ASA membership. This suggests a number of things about mem- ber preferences. The first is very clear—they dislike collective plans: savings must be personal. Second—they want to be sure that their deposits are refundable, even if the term is conditional. Third, and this is perhaps a slightly more speculative conclusion, many of them actively welcome the fact that their savings hedge their loans: they don’t want to be left with debt. Kulsum set her debts off against her savings when she left ASA recently, helping her make a dignified exit.

Long-Haul Savings

A fourth reason for ASA’s members’ acceptance of the loan security

fund is that there has always been some demand from members for long-term savings. In Narsingdi back in 1995, Fatima Begum, one of Shamsunnahar’s neighbors, had told us:

I was a member of Shamsunnahar’s samity for about a year and

a half. I was a regular attender. I saved each and every week. Because I had no-one idle in my household, I didn’t want to take

loans. Then at the time of the third loan the ASA officer said that

I must take a loan, and the other members told me that if I didn’t

agree to take a loan they would not allow me to stay in the samity.

I left. But I would join again if they let me just save.

She saw ASA as a safe place to build up her savings over the long haul. Unfortunately for her, she was ahead of her time. Microcredit providers were interested in disbursing loans, and the few Fatima Begums were viewed as irrelevant. Few took seri- ously the idea that there is a market for long-term savings among the poor.



That was shortsighted. The not-quite-so-poor, middle-income Bangladeshis had shown a strong liking for a long-term savings plan offered by commercial and government banks and known as the DPS—the deposit pension scheme. Despite its name, it is not linked directly to a pension: it is a “commitment” savings device, in which the saver deposits a set sum every month for a term of 10 years, and then takes back the deposits along with interest earned. Savers saw the attraction of a scheme that served two purposes: you can use it to save up for some particular use—say, education or marriage for children, or land or home purchase— and at the same time enjoy the feeling of security that comes from the knowledge that you can cash it in if things get really difficult. Such plans have many advantages: just like ASA’s loans, they break the job of building large sums down into small, regular bites that can be found from ordinary cash flow; they add discipline to the savings process, because you forgo interest if you miss pay- ments, and they are cheap by comparison with borrowing a large sum. There was no real reason—beyond the knee-jerk idea that “well, poor people have no money, so how could they save?”—to believe that poor people would be blind to these virtues. In the mid-1990s, some pioneers began offering an equivalent of the DPS to poorer households. 15 Others soon joined in: indeed, ASA briefly offered a version when it revised its savings products in the late 1990s, though that plan was dropped when the Central Bank made it clear that it was unhappy to have unregulated NGOs offering term deposits, fearing they lacked the financial acumen to handle the cash flows involved. The DPS finally came to microfinance in a large-scale way through the Grameen Bank, an ironic development given that of all the microcredit providers, the bank was for long the most skep- tical on savings. 16 But Grameen suffered a downturn after severe floods in 1998 dented its balance sheet, and it struggled to refinance its loan portfolio. It rebranded itself as “Grameen II” and recast all of its products for its members, including the introduction of new savings devices, such as a version of the DPS. It was popular, and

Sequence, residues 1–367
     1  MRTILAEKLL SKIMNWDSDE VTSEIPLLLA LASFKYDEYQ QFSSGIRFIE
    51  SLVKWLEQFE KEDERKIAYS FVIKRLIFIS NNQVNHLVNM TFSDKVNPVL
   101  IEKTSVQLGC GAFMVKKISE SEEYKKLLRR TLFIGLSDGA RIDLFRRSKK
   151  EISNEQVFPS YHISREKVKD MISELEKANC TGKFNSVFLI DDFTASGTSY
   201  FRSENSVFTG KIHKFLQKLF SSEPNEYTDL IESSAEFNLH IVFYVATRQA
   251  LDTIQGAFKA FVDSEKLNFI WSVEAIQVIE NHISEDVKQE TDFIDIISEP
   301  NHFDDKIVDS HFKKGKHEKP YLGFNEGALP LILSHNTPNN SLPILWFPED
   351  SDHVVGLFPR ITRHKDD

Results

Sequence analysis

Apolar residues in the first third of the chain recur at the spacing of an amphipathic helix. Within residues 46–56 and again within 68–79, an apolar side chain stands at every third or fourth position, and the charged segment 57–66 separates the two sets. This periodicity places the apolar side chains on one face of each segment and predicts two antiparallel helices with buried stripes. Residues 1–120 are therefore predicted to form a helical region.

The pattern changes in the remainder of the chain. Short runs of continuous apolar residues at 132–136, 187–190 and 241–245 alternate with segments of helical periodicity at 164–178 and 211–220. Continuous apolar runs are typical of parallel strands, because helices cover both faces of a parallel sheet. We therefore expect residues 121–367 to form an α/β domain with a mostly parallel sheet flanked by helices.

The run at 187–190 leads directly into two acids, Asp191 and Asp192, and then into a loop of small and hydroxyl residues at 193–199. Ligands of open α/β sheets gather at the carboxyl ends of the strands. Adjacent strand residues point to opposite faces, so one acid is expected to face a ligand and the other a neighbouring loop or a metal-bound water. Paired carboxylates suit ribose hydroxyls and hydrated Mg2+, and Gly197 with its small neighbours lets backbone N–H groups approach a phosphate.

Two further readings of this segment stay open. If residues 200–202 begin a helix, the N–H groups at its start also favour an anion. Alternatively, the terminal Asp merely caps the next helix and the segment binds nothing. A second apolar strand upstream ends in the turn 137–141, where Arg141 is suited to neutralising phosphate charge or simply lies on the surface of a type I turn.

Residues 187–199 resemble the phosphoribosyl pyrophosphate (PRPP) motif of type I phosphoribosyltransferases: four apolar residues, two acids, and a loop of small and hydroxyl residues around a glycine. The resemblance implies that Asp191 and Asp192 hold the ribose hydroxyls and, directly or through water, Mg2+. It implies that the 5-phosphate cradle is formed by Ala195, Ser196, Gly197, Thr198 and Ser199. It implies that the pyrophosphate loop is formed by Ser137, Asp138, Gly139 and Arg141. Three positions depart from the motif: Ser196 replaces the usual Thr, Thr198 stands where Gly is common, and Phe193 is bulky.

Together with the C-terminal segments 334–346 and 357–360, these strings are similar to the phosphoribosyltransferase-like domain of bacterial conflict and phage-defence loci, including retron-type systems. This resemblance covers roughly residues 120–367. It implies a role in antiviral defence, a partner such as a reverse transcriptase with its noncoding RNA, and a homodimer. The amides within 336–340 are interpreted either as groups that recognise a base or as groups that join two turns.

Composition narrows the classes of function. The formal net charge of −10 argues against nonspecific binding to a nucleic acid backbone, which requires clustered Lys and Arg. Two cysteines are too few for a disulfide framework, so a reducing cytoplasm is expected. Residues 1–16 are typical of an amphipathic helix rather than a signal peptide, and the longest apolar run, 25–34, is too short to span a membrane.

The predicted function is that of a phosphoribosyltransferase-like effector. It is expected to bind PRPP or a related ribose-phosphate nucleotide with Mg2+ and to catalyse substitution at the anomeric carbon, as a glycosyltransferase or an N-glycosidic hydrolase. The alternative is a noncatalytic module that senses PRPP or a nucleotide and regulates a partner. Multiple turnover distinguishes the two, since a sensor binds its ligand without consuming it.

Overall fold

attracted many new members to Grameen. Soon Grameen’s bal- ance sheet was transformed, and by the end of 2007 it held 140 taka of savings for each 100 taka it had out in loans to its members. When microfinance providers introduced open-access, general savings plans in the late 1990s, their members began to enjoy two ways to build useful lump sums. They could take occasional big- ger sums, expensively, by borrowing and then repaying little by little over a year. Or they could build sums that were much smaller but which they could get at much more frequently, through their savings. The DPS adds a third service: building large sums little

by little over a long period. The shift completes the transformation of microfinance in Bangladesh, from microcredit to a full banking service for the poor. ASA has taken note. It has reintroduced its own version of the DPS. But it is handicapped relative to Grameen because it lacks

a firm legal basis for taking long-term deposits. As we shall see,

this is one of several difficulties now requiring ASA to do some rethinking.

Financial Diaries: Why Microfinance Matters

The story of microfinance is most often told from the point of view